The Agony and the Ecstasy…of Phil Spector

Let’s get this out of the way: I walked into The Agony and the Ecstasy of Phil Spector thinking it was Carol Reed’s 1965 epic, The Agony and the Ecstasy. But instead of Charleton Heston butting heads with Rex Harrison over the Sistine Chapel, gay sex, and work ethic, I was given Phil Spector’s half-melted face and extensive music videos for crap like “Do Run Run”. It’s not that Spector is a bad subject for a documentary—his life is shrouded in infamy, from his relationships with The Beatles to his ongoing court battles concerning Lana Clarkson’s suicide/homicide; it’s that The Agony and the Ecstasy has no focus—is mostly Spector slumped in a chair, dropping random anecdotes from his life with occasional unrelated shots of his 2007 court case shoehorned in for reasons mostly unclear. Toss in a few music videos from Tina Turner and the Righteous Brothers, slap on some subtitles claiming that his 1960s production of “Zip-a-Dee-Doo-Dah” was the closest thing to perfection the music industry has ever achieved, and you’ve got a pretty heavy-handed exploration of convolution and delusional grandeur.

The most fun part of Phil Spector is his detachable beach ball head.

Like most artists, Phil Spector started his career in high school, learning guitar and eventually forming the group, The Teddy Bears. After a little success with the mostly forgotten “To Know Him is to Love Him”, the group broke up, leaving Phil to fend as a record producer, competing against the Mo-Town giant. After struggling for several years and stumbling over many wasted moments (including the “discovery” of Ike and Tina Turner) he finally found success with The Beatles’ Let It Be, an album the band handed to him in the form of several crude demos recorded during their final, unenthusiastic months. Listening to Spector talk about working with The Beatles is the film’s single shining moment, but even this is largely thanks to the legend of The Beatles, and has little to do with the man himself. Talking about “The Long and Winding Road”, he states “John was playing bass and John didn’t know how to play bass—he was just guessing at chords by sliding down the bridge. He hated the song…I had to hire a compiler to mix it so you couldn’t hear the mistakes.”  Spector went on to work with John Lennon and George Harrison during their solo careers, gaining himself slight notoriety, then was largely forgotten for about 20 years until Lana Clarkson was shot dead in his home in 2003. Since then he’s been embroiled in several legal battles, all of which culminated in his 2009 conviction and sentencing to 19 years in prison.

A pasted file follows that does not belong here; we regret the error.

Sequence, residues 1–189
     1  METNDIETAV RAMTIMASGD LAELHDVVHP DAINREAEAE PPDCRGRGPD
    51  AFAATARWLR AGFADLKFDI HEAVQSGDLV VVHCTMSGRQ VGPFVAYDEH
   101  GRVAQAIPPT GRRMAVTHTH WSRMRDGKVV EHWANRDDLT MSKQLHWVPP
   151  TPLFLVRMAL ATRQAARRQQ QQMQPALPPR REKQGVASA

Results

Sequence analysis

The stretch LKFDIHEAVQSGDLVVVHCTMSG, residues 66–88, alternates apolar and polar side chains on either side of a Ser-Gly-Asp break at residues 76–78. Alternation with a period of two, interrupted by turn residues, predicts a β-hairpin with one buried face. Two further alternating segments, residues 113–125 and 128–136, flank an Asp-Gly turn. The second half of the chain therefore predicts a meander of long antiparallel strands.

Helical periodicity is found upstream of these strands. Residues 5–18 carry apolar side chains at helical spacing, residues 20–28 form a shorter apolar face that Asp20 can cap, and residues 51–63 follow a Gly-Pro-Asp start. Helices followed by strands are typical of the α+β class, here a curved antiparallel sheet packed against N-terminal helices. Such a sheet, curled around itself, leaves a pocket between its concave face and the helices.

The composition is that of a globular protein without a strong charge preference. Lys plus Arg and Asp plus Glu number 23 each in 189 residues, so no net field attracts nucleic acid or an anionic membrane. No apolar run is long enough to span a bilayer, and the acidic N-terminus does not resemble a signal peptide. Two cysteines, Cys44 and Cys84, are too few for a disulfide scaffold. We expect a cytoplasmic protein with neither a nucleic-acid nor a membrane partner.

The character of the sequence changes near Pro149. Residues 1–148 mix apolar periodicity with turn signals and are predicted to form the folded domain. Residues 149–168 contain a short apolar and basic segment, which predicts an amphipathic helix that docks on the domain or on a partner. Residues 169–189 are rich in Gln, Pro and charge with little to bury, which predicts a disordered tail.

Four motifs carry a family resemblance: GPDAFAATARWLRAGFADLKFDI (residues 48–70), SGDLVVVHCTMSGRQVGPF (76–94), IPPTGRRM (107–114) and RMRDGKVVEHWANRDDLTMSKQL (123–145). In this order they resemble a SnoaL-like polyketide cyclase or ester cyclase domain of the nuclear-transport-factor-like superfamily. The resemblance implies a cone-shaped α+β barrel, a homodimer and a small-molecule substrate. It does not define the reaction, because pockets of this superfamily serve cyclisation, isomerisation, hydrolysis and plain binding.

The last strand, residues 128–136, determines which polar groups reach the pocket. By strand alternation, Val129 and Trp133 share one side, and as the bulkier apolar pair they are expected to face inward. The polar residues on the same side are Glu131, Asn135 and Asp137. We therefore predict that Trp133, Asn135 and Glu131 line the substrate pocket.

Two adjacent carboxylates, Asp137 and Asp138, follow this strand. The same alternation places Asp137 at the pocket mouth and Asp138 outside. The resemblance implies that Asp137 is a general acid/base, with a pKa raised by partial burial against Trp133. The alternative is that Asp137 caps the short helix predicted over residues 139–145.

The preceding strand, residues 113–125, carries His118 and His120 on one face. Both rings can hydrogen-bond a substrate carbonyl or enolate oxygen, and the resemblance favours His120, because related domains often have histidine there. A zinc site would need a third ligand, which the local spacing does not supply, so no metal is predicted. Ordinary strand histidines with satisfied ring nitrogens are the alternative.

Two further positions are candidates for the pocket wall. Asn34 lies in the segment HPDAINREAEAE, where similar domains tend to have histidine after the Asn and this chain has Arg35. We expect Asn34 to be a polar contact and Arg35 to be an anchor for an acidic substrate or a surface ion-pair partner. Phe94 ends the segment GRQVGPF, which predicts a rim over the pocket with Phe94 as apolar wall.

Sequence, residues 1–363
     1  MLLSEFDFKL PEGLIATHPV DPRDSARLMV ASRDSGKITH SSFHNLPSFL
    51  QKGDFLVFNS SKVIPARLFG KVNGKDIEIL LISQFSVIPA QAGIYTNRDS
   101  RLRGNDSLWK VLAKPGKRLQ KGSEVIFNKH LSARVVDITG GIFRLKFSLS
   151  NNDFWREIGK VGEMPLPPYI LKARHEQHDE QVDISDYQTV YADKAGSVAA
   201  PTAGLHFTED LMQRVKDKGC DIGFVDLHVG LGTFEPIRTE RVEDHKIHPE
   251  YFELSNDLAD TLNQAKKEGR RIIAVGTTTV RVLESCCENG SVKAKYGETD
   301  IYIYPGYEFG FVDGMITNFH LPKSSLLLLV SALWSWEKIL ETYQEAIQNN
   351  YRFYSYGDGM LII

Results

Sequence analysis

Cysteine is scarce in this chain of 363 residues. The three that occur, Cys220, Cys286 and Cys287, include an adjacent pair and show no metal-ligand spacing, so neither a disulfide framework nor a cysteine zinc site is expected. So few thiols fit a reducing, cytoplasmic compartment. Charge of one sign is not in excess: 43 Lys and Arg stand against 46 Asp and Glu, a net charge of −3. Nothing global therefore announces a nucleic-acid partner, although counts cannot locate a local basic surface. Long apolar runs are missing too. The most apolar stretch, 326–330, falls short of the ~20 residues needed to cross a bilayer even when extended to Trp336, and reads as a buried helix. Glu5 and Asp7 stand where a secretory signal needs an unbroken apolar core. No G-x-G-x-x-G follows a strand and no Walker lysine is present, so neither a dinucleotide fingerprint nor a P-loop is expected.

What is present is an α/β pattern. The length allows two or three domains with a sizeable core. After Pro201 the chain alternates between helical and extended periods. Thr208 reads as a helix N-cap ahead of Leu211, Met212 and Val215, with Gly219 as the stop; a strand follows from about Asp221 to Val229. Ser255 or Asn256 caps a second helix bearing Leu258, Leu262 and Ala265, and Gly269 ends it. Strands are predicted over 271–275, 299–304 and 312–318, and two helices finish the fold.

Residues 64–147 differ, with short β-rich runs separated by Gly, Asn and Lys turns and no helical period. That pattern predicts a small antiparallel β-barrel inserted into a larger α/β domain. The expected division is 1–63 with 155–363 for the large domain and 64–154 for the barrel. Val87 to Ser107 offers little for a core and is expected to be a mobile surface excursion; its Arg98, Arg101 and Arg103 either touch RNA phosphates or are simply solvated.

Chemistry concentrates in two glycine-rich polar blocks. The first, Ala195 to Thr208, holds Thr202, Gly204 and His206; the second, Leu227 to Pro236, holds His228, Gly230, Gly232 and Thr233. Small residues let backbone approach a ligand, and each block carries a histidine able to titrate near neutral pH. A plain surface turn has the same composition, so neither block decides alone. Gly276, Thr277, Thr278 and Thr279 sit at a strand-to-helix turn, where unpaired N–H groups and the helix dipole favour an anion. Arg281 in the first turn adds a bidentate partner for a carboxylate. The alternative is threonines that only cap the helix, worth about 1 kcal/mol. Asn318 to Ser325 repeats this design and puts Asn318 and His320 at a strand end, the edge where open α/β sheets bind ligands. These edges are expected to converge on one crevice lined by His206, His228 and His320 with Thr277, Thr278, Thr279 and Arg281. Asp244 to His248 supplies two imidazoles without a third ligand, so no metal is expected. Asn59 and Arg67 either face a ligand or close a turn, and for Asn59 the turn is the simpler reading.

Spector doesn’t do himself any favors in this doc, spending most of its hour and forty minute runtime lamenting both his overlooked talent as a record producer and the media attention he’s gained through “trumped-up murder charges”. He constantly reminds the audience that he only wanted to “make a million-selling record”—to be accepted by “the system”. To Paul McCartney’s claims that Let it Be was a musical disappointment, he says “He’s confusing me with someone who gives a shit”. At one point he even claims he was “a little better than both” John Lennon and George Harrison”. That’s right—this owl-eyed melting old fart thinks he was better than The Beatles. The director, apparently unsure of Spector’s ability to rub the audience’s face in his own shit, goes that much further by adding his own pretentious analysis of many of the man’s productions, saying things like “Not only does the melody offer feelings of haunting loneliness, but it also lends a presentiment of Spector’s own future”. I can almost visualize a music studies grad student rubbing one out into a sock after writing that line. It’s a meaningless documentary about a sad, broken man—a man with absurd notions of self-entitlement and unearned grandeur— hastily cobbled together in a way that would embarrass low-level VH1 interns. Spector never cared for the music—was only concerned about his reputation, which makes the whole music analytics thing a little absurd, but more importantly, makes this doc little more than the story of a bitter corporate shill.  You’re a lot better off checking out the Sistine Chapel flick.


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